The Fa Family Ancestors take us back to ancient China, where Mulan’s big day to meet the village Matchmaker has arrived (“Written in Stone”). Mulan’s father, Fa Zhou, prays to the family ancestors (“Honor to Us All”) to no avail. A nervous Mulan wrecks her betrothal ceremony, dishonoring the family (“Honor to Us All – Reprise”) and making herself feel terrible (“Reflection”). Fa Zhou is unexpectedly called to the army by Chi Fu, the Emperor’s councilor, having no son to join for him. Against her feeble father’s command, Mulan steals Fa Zhou’s helmet and sword, dresses as a boy, and runs away from home to go in his place (“Written in Stone – Reprise”). The Ancestors have no choice but to send the misfit dragon, Mushu, to stop Mulan, who will be killed if she is discovered (“Honor to Us All – Reprise”).

As Shan-Yu and the Huns prepare to attack China, Mushu helps Mulan act like a soldier (“Keep ‘Em Guessing”). Mulan introduces herself as “Ping” and joins the Guys – Yao, Ling and Qian-Po – to endure Captain Shang’s grueling training (“I’ll Make a Man Out of You/Lesson No. 1”). The Chinese Soldiers march to defend a mountain village from Shan-Yu (“A Girl Worth Fighting For”), but arrive too late. While the soldiers grieve (“A Girl Worth Fighting For – Reprise”), the Huns attack. Mulan creates noise to trigger an avalanche, which covers the Huns and saves the Soldiers from destruction. Shang honors Ping, only to discover Mulan beneath the helmet. He spares Mulan’s life for saving his, but leaves her behind (“Written in Stone/Reflection – Reprise”).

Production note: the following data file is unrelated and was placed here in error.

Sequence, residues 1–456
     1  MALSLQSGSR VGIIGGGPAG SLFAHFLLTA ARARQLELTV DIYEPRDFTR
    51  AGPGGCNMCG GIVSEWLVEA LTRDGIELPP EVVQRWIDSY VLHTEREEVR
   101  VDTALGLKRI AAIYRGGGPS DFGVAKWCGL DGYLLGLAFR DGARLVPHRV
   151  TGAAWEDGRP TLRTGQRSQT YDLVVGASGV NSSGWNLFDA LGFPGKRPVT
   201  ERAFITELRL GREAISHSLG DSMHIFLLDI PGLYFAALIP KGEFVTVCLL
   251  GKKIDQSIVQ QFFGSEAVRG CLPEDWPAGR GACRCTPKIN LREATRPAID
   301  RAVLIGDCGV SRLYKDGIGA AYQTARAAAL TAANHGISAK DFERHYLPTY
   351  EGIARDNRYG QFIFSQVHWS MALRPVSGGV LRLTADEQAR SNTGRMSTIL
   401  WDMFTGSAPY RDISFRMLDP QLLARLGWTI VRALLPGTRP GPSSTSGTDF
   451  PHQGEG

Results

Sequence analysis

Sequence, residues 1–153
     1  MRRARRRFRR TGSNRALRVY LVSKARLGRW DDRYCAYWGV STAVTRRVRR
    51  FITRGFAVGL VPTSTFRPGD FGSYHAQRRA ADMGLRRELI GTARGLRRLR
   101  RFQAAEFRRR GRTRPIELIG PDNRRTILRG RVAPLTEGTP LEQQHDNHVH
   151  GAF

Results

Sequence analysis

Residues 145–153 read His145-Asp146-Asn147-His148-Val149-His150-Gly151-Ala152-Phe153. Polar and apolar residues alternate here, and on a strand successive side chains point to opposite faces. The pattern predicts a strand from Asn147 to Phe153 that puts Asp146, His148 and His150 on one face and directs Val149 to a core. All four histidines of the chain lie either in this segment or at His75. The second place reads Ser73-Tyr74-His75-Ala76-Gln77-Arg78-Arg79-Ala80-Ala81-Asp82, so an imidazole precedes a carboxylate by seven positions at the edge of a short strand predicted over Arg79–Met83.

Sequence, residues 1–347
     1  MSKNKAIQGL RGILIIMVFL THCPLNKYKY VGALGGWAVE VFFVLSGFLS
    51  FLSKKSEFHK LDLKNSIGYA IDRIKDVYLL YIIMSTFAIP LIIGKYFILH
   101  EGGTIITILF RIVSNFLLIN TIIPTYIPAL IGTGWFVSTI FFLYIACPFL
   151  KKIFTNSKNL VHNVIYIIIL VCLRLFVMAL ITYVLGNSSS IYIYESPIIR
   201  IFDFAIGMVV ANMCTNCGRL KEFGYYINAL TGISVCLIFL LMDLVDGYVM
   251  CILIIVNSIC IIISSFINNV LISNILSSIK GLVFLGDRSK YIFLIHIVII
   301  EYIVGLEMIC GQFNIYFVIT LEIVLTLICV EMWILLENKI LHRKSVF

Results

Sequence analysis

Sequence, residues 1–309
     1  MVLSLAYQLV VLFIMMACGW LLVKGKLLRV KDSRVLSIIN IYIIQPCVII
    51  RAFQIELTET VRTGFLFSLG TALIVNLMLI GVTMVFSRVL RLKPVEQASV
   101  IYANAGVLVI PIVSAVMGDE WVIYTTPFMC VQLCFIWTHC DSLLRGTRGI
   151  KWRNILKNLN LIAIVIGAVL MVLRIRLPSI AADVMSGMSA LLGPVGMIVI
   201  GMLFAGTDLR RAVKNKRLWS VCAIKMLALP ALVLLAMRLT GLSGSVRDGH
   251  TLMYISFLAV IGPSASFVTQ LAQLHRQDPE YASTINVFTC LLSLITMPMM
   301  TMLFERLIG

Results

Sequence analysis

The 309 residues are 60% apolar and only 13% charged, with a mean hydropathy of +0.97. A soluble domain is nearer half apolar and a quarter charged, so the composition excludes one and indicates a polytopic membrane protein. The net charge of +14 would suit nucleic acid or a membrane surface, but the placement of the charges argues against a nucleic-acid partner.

Suddenly, Shan-Yu and the Huns emerge from the avalanche and race toward the Imperial City. Mulan runs ahead to warn Shang (“Written in Stone – Reprise”). At the Emperor’s Palace, the Chinese people celebrate the defeat of the Huns. While Shang ignores Mulan, Shan-Yu surprises and kidnaps the Emperor. Mulan convinces Shang and the Guys to dress as women to distract Shan-Yu while Mushu signals the army (“Keep ‘Em Guessin’ – Reprise”). The Guys save the Emperor, Mulan defeats Shan-Yu and the Huns retreat. The Emperor honors Mulan’s bravery, to everyone’s surprise and delight (“A Girl Worth Fighting For – Reprise”). Back at home, Fa Zhou welcomes his beloved – and honorable – daughter. Shang surprises Mulan with a visit as a suitor instead of a captain. The Ancestors invite Mushu into the Fa Family Temple as a full-fledged Guardian (“Honor to Us All – Finale,” “Keep ‘Em Guessin’ – Bows”).